Seismic shifts mark German government’s first 100 days
24 Mar 2022|

The time-honoured American tradition of assessing a government’s first 100 days has found its way to Germany, where pundits are scoring the performance of Chancellor Olaf Scholz’s Ampelkoalition (‘traffic light coalition’), comprising the Social Democrats (SPD), the Free Democrats (FDP) and the Greens.

The Ampelkoalition is Germany’s first three-party government since the 1950s. To make it work, each party has had to bend on sacred principles and adopt policy positions that previously would have seemed unthinkable. And while that would have been a remarkable achievement in the best of times, no incoming government since the federal republic’s founding in 1949 has faced a more challenging start, owing to the Covid-19 pandemic and, even more, to Russia’s invasion of Ukraine.

German politics have changed dramatically almost overnight. For a country that prefers consensual, deliberative decision-making and no-surprises, many of the recent, sudden policy shifts have been profound and will alter Germany’s domestic and foreign-policy trajectories for decades to come. But if Scholz fails to manage the short-term fallout of these changes and the inevitable tensions they will create within the coalition, his chancellorship could be the shortest-lived since the Weimar Republic.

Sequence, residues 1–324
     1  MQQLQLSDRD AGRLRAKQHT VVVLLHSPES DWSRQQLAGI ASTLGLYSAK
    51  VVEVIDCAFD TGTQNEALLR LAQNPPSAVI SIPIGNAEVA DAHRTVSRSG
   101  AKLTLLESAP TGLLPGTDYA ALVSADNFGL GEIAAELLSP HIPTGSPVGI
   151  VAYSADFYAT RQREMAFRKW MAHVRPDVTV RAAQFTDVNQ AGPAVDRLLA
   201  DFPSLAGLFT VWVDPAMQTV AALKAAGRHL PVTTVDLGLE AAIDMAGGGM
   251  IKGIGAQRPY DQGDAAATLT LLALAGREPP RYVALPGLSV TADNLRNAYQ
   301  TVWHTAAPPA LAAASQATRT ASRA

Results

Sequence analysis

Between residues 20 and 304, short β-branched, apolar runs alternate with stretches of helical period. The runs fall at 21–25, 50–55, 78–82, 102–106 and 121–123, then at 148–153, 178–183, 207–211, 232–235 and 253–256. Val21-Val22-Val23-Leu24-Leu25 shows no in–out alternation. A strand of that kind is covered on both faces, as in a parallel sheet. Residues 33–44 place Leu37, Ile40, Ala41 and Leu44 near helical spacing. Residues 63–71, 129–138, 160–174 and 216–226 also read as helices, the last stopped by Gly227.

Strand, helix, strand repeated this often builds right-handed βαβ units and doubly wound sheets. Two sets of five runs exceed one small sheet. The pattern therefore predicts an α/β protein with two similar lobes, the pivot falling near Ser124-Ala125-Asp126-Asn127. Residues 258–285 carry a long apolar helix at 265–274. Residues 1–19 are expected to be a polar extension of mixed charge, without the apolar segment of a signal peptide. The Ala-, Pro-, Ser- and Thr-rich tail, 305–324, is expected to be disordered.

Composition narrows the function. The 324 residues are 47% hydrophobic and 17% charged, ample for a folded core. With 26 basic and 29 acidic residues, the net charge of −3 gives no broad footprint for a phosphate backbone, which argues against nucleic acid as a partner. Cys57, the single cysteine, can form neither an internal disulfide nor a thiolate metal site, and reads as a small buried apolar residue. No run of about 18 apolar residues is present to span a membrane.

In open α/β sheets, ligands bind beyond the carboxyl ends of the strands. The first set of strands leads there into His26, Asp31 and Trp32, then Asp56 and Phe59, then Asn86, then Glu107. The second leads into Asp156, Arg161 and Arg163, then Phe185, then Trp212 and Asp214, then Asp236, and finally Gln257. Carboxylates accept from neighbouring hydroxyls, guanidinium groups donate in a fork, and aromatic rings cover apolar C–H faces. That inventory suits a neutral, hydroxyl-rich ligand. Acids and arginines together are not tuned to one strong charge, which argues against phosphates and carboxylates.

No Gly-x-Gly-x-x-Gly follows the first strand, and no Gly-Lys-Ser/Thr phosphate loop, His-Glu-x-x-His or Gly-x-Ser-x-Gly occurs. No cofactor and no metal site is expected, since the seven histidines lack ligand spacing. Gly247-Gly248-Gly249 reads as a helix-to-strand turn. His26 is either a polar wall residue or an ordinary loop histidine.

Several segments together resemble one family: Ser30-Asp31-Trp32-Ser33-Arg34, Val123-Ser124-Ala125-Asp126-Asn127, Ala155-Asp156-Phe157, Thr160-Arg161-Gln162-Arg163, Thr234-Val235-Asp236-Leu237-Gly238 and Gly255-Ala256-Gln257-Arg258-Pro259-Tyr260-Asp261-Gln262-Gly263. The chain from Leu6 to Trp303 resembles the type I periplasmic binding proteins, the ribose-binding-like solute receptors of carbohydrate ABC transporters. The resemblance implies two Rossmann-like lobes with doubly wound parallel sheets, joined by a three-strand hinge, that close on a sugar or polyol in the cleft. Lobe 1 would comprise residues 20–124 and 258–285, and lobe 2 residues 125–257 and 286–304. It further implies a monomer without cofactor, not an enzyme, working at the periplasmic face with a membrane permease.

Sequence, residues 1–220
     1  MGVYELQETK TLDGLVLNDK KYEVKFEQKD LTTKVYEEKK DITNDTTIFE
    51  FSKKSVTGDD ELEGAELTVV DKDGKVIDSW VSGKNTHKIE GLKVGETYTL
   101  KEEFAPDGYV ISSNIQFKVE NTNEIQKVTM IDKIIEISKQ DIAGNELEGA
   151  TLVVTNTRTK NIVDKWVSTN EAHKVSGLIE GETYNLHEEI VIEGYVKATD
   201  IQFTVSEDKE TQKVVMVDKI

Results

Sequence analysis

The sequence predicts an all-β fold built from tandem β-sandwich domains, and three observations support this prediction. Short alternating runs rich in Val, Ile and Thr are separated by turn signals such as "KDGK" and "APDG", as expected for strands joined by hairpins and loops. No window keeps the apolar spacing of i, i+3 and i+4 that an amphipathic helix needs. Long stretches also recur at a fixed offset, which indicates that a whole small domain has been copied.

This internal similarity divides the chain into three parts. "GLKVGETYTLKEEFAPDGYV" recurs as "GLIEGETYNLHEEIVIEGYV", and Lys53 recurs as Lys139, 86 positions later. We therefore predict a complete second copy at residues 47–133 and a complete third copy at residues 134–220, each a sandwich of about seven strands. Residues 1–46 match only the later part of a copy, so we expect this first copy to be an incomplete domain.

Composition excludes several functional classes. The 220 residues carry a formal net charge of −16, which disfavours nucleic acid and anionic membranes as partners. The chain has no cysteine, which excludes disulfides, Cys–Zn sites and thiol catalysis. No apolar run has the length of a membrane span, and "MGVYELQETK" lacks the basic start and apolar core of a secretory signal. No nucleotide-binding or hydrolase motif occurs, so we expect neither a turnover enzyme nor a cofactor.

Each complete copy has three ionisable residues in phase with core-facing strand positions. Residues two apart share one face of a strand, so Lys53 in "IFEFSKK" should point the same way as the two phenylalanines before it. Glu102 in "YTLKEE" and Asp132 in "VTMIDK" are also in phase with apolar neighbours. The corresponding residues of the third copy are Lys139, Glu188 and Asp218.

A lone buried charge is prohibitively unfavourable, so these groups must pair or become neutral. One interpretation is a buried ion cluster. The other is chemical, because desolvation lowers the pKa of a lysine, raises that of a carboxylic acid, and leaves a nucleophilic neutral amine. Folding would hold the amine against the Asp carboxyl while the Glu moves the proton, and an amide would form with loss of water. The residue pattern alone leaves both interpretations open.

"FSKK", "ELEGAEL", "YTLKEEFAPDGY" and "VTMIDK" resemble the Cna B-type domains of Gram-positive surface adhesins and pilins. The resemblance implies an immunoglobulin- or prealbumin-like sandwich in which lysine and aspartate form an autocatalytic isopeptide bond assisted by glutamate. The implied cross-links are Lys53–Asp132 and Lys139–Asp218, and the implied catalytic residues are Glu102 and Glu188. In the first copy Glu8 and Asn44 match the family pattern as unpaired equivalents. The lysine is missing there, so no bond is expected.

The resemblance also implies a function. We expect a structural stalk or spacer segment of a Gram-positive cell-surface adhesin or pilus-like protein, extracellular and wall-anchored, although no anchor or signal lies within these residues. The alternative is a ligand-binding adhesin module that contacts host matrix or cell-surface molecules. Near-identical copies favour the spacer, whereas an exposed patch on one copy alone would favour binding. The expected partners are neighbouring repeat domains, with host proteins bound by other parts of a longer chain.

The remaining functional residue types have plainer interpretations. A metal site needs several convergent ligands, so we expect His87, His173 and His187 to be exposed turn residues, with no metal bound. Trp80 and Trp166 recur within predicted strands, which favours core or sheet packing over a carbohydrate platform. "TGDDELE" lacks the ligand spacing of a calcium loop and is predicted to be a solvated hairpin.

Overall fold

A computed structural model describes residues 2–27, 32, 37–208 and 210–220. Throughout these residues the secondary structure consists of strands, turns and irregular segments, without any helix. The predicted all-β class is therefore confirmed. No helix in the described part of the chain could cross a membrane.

According to a recent survey conducted by Allensbach for the left-liberal Das Progressive Zentrum, 60% of Germans believe the Ampelkoalition has a real willingness to push reforms and 51% support its long-term strategic vision. Only 20% view the new government as a continuation of former chancellor Angela Merkel’s steady-state coalitions. But 51% also anticipate an increase in social inequality, owing to proposed climate reforms that would push the share of renewable energy from 40% to 80% by the end of the decade.

While the new government can count on a reform-minded electorate sharing its strategic vision, Scholz’s leadership and communication style do not impress many Germans. Only 16% of survey respondents think he displays strong leadership and 18% approve of the government’s communication practices. Thus, for much of this initial period, there has been a stark mismatch between Scholz’s Merkelesque leadership style and popular support for reforms.

But Scholz may have begun to alter this impression with his speech to the Bundestag on 27 February. Responding to Russia’s invasion and the threat of regional instability, he announced an epochal change in German security policy. The Bundeswehr, the long neglected armed forces of this deeply pacifist country, will now receive the financing it needs to close the gap between Germany’s economic might and its strategic weight. Scholz has already set aside €100 billion ($148 billion) in a special trust fund to modernise the armed forces and to meet Germany’s commitment, under NATO, to spend 2% of GDP on defence.